The apparent slowdown of American Airlines’ pilots is the latest instance of labor unrest in the airline business. Depending on which source you read, American has canceled somewhere between 2 percent and 5 percent of flights in recent days, with more of the same to come. The airline blamed a surge in pilot sick days and maintenance write-ups by pilots.
But the turmoil isn’t over yet: American’s pilot union has called for a strike vote. That doesn’t mean that the pilots will actually go out on strike anytime soon—airline workers can’t strike without going through several governmental procedures—but these pilots are certainly unhappy with the carrier’s latest unilateral contract cancellation. And although slowdowns and pilot sick days don’t violate laws, they can certainly disrupt an airline’s schedules and operations.
American isn’t the only airline facing labor problems, either. Lufthansa flight attendants have already conducted a 24-hour strike, and their issues remain unresolved. Pilots at India’s Kingfisher Airlines have stopped flying at least twice; ground workers at Cairo, Istanbul, and Tel Aviv airports have recently staged slowdowns, and labor at many other airlines is restive. Given the airlines’ fuel price cost crunch and employees’ resistance to benefit cuts and increased workloads, the situation isn’t going to get better any time soon.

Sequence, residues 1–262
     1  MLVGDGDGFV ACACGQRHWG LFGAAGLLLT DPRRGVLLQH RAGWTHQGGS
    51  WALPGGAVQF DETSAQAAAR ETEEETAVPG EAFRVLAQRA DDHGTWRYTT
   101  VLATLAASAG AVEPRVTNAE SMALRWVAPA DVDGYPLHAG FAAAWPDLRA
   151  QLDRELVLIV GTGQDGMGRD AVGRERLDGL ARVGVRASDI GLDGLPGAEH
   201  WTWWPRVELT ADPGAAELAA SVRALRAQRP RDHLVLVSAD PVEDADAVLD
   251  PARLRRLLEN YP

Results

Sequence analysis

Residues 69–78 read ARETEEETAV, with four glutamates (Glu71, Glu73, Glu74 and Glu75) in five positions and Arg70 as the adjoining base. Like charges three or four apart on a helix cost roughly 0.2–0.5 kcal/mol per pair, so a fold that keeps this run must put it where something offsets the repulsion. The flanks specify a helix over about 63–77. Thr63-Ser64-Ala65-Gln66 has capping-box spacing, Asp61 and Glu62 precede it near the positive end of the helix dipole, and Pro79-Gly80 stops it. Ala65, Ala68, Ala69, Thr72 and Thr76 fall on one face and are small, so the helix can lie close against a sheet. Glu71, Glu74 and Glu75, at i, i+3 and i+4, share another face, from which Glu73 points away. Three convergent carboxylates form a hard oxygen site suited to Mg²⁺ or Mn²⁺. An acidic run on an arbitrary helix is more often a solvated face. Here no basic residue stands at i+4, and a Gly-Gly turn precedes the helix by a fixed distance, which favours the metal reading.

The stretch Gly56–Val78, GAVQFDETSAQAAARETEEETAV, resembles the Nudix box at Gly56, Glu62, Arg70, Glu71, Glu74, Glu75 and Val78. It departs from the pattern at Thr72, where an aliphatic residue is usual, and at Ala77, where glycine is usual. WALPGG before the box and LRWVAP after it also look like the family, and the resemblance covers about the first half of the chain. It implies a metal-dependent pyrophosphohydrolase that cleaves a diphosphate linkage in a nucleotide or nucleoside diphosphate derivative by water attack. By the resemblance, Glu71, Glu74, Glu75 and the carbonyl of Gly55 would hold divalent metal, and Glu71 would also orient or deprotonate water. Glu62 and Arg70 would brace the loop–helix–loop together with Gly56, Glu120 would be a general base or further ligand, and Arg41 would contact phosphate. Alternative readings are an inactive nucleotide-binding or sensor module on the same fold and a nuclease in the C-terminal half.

For travelers, the obvious question is whether to book away from American. And, as usual, there isn’t a pat answer. American is cancelling only a very small percentage of its flights, and it seems to be doing a reasonable job of informing and re-accommodating canceled passengers.But the threat of any cancellations is worse than no cancellations.
The net result is the same, as is so often the case with uncertainties: If American provides a superior schedule or lower fares, the odds say customers will be OK with the unrest. But if you want to eliminate those last few percentage points of risk, book with another airline. This conclusion applies to all carriers.
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